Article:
Instead of relying on tried and tested donor bikes as seen at most custom shows, Valhalla attracted shops including Milwaukee Moto who tore into a decidedly unpopular Harley-Davidson Street 750 for its entry. Chief builder Dan Torres admitted to, “not really having a vision for the bike besides making it a whole lot cooler.” To that end, the water-cooled V-twin was subject to some radical changes with a complete rear wheel and swingarm from a Ducati 748 superbike grafted onto the chassis, and a Honda CB200 fuel tank carrying petrol. The fuel injection system is now concealed beneath the handmade aluminum seat hump. The machine’s detailing was just plain perfect. Torres said his 750 was built to be ridden daily and offered us the keys to prove his point. Now that’s something you don’t hear every day at a custom motorcycle show.
As the motorcycles rolled into the staging area in a variety of trailers and trucks, the builders brought them into the lot to the admiring comments of fellow competitors. There was no sign of petty jealousy or infighting; instead, the teams complimented each other’s handiwork, asking for details on various components and finishing techniques for hours. Many had been in touch during the months-long build processes and were seeing the complete machines for the first time.
Both builders and spectators were instantly drawn towards the wild two stroke repli-racer designed by youngster K. C. Elkins. The Kentucky resident took a basket case Kawasaki KX500 and seamlessly blended the off-road missile with a Kawasaki ZX636R sport bike using handmade carbon fiber bodywork and plenty of imagination. “I’ve done about 47 full, ground-up builds and it’s exciting to see what I can come up with,” said the former swimming pool installer.
There were some seriously talented old heads who made the cut as well, including Australian expat Craig Rodsmith whose imaginative re-working of an air cooled Ducati Monster M900 was a definite crowd pleaser. The two-valve Desmo engine had been shoehorned into a Ducati 748 super bike frame with a set of Ducati 1098 inverted forks steering the Italian mash-up. Out back, the 748 single-sided swingarm held a 17” spoked wheel from Keino Cycles while the mirror finish bodywork was all handmade, including the torpedo-shaped fairing. How fast was this seriously unique set of wheels? Well, despite installing a supercharger from an Acura car and a Nitrous injection system, Rodsmith actually didn’t know. “I’ve never had it dynoed and I don’t run any gauges so I have no idea how fast it is,” he said with a shrug.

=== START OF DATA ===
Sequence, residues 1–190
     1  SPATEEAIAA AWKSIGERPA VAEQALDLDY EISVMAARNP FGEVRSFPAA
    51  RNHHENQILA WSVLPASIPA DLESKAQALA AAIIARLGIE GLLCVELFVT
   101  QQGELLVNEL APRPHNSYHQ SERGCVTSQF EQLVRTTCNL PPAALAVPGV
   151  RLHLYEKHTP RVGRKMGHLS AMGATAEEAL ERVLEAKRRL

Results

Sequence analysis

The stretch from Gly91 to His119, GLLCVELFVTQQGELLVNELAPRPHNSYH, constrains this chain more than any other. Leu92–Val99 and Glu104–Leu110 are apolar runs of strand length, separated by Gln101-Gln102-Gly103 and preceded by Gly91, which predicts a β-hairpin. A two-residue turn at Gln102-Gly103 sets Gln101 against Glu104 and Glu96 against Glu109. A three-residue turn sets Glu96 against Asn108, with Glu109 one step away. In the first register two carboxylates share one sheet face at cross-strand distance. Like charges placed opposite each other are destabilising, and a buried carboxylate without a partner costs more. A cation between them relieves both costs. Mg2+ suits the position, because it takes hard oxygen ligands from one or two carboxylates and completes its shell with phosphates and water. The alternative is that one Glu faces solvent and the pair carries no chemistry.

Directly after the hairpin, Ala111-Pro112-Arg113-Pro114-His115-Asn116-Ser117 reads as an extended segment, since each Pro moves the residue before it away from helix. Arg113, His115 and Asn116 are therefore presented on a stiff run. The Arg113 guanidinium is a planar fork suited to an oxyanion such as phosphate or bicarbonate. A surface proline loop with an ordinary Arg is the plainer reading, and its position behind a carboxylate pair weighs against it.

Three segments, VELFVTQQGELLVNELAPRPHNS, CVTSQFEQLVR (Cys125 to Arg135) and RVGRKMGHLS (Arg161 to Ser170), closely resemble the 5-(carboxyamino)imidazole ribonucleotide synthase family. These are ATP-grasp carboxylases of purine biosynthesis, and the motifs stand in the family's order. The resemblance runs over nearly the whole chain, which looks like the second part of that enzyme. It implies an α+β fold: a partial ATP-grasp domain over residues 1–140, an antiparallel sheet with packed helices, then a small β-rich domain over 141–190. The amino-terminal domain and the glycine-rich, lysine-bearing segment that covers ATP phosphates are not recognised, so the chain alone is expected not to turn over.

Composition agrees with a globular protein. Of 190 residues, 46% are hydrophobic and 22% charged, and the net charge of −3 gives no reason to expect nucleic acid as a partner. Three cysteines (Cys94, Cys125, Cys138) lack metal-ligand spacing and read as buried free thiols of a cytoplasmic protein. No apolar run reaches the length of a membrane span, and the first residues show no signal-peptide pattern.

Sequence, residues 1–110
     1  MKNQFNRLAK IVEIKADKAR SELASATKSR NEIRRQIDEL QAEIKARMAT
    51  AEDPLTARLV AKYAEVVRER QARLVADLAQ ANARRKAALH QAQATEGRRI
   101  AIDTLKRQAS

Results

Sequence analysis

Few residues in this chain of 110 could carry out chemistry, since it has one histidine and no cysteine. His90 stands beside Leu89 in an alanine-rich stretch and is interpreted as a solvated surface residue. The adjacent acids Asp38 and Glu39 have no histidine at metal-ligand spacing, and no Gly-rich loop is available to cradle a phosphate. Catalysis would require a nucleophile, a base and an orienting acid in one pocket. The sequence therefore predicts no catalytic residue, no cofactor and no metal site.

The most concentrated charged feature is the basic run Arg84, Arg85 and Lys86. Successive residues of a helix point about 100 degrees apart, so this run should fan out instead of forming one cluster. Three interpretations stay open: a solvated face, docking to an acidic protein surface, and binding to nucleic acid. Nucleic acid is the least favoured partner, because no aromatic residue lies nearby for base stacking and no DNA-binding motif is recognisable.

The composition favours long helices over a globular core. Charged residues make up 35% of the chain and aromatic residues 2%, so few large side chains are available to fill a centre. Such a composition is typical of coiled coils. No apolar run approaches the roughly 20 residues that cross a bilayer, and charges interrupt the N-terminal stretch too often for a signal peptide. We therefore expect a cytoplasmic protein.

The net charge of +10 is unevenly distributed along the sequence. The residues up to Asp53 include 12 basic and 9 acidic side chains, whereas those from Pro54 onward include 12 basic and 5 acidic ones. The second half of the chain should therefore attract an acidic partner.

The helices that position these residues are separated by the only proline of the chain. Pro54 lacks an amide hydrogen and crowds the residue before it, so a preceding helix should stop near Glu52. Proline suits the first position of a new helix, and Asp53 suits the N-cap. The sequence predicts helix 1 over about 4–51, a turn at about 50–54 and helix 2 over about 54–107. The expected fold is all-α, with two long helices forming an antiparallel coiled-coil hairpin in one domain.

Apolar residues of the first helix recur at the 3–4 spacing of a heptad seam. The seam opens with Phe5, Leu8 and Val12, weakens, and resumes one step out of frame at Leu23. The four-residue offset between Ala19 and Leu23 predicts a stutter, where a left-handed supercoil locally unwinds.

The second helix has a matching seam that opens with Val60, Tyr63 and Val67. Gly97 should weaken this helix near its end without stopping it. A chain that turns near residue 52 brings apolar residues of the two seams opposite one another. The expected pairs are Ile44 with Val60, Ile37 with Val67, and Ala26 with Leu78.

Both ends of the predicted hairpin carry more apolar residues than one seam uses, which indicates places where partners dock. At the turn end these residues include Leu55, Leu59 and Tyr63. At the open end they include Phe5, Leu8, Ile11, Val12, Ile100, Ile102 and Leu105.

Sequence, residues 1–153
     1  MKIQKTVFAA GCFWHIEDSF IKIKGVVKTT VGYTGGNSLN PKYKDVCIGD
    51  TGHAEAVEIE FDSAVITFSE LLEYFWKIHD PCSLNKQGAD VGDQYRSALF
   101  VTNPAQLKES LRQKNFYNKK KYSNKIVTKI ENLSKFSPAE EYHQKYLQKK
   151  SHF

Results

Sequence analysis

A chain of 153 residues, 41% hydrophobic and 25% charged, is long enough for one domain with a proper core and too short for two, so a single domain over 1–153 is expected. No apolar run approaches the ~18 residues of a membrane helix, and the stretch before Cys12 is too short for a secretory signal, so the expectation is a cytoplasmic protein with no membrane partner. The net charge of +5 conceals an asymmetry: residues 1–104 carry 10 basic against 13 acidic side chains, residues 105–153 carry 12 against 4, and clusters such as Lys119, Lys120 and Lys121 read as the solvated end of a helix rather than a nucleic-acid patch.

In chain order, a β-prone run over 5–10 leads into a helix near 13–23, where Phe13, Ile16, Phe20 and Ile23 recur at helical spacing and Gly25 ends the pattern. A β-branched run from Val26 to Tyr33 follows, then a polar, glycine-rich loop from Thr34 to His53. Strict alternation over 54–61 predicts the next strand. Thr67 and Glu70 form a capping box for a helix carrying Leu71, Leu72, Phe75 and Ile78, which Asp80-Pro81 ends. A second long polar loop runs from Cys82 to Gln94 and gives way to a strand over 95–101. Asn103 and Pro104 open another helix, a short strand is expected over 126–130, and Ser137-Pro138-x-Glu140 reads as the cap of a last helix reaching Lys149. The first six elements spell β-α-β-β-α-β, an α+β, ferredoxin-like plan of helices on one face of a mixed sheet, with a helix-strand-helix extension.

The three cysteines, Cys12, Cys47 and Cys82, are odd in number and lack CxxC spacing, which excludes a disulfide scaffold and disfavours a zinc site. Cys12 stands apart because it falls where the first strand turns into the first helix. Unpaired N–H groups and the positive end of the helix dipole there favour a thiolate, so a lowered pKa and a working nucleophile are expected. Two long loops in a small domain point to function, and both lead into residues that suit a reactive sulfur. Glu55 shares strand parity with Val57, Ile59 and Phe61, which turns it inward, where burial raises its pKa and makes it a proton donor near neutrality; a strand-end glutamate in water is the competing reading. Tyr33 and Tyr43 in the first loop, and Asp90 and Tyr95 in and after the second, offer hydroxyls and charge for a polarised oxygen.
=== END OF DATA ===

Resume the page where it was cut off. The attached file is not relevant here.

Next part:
The assembled motorcycles were staged in a large tent near the noisy Motoblot main stage where the machines managed to upstage the screeching punk rock bands, the troupes of lingerie-clad dancing ladies, and even the occasional fire-eater. Come Saturday morning, the organizers gathered the builders for a safety briefing on the day’s mandatory shakedown ride. Each of the bikes had to be fired up and ridden a dozen miles as part of the judging.
The owners, some nervous after having finished their show bikes mere hours before traveling to Chicago, managed to kick, bump start and button-launch their machines in time for the collective ride through the busy streets of Chicago’s West Loop neighborhood surrounding the Motoblot festival. Canadian Rob Chappell of Origin8or Custom Cycles was confident his 2008 Triumph Speed Triple 1050 was a go, despite having freshly completed the winter-long build the previous day. Chappell is a designer who digs a tough mechanical challenge, resulting in the British triple receiving not only a complete made-from-scratch steel trellis frame, handmade, angular aluminum bodywork and a box-section swingarm milled from billet aluminum and fitted with twin YSS shocks.
“This may be my only ride on the Triumph, as it was commissioned by a customer from Wales and he’s eager to take possession and have it shipped back to the UK as soon as the show is over,” he said.
In a cloud of exhaust fumes the deafening rumble of various types and sizes of engine all launching into gear at once, the pack roared off with members of the local Ton-Up Club providing escort along the pre-planned route.
Once the machines returned, the judges made a quick decision that clearly pleased not only the Motoblot crowd but the collective Valhalla builders. Swimming pool technician-turned-motorcycle customizer K. C. Elkins strode onstage to crazed applause to accept the much-ballyhooed grand prize of $10,000 cash and a five-fool replica Viking sword. With so much raw talent and the confidence of winning an international motorcycle building competition, Elkins is looking forward to a promising career in the custom motorcycle field.
Well, that and somewhere to park a Viking sword in his family garage.